A glycosyl transferase family 43 protein involved in xylan biosynthesis is associated with straw digestibility in Brachypodium distachyon

Caragh Whitehead, Francisco J. Ostos Garrido, Matthieu Reymond, Rachael Simister, Assaf Distelfeld, Sergio G. Atienza, Fernando Piston, Leonardo D. Gomez, Simon J. McQueen-Mason

Research output: Contribution to journalArticlepeer-review


The recalcitrance of secondary plant cell walls to digestion constrains biomass use for the production of sustainable bioproducts and for animal feed. We screened a population of Brachypodium recombinant inbred lines (RILs) for cell wall digestibility using commercial cellulases and detected a quantitative trait locus (QTL) associated with this trait. Examination of the chromosomal region associated with this QTL revealed a candidate gene that encodes a putative glycosyl transferase family (GT) 43 protein, orthologue of IRX14 in Arabidopsis, and hence predicted to be involved in the biosynthesis of xylan. Arabinoxylans form the major matrix polysaccharides in cell walls of grasses, such as Brachypodium. The parental lines of the RIL population carry alternative nonsynonymous polymorphisms in the BdGT43A gene, which were inherited in the RIL progeny in a manner compatible with a causative role in the variation in straw digestibility. In order to validate the implied role of our candidate gene in affecting straw digestibility, we used RNA interference to lower the expression levels of the BdGT43A gene in Brachypodium. The biomass of the silenced lines showed higher digestibility supporting a causative role of the BdGT43A gene, suggesting that it might form a good target for improving straw digestibility in crops.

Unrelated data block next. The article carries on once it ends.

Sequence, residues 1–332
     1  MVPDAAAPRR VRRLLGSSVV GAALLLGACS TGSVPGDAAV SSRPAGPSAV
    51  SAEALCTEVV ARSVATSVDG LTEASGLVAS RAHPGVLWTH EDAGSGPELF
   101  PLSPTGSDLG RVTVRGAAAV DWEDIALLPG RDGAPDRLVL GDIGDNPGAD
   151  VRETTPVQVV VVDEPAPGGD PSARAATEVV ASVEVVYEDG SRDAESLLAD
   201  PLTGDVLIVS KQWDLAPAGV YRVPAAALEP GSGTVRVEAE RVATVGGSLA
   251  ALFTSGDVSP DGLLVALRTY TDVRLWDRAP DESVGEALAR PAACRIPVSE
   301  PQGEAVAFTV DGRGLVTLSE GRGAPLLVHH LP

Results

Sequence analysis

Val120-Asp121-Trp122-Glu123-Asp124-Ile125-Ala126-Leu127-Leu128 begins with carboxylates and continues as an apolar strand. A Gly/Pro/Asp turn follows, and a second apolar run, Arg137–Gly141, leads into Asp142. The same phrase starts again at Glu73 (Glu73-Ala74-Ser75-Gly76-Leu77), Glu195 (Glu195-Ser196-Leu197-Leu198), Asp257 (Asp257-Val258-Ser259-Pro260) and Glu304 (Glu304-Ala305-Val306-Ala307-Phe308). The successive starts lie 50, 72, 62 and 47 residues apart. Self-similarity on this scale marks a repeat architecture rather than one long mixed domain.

Original languageEnglish
Pages (from-to)974-985
Number of pages12
JournalNew Phytologist
Issue number3
StatePublished - May 2018
Externally publishedYes

Bibliographical note

Funding Information:
We would like to thank David Garvin for the generous gift of the Brachypodium RIL population. We are also grateful to the University of York Bioscience Technology Facility for performing the SECMALLS analysis. C.W.’s work was funded by a Fellowship from the Burgess Foundation. Research at the CNAP was funded by The European Commission’s Seventh Framework Programme (FP7), project Renewall (211982), and by BBSRC projects BB/G016178 and BB/G016194.

Publisher Copyright:
© 2018 The Authors. New Phytologist © 2018 New Phytologist Trust


  • Brachypodium
  • GT43
  • biomass
  • gene silencing
  • saccharification
  • xylan

ASJC Scopus subject areas

  • Physiology
  • Plant Science


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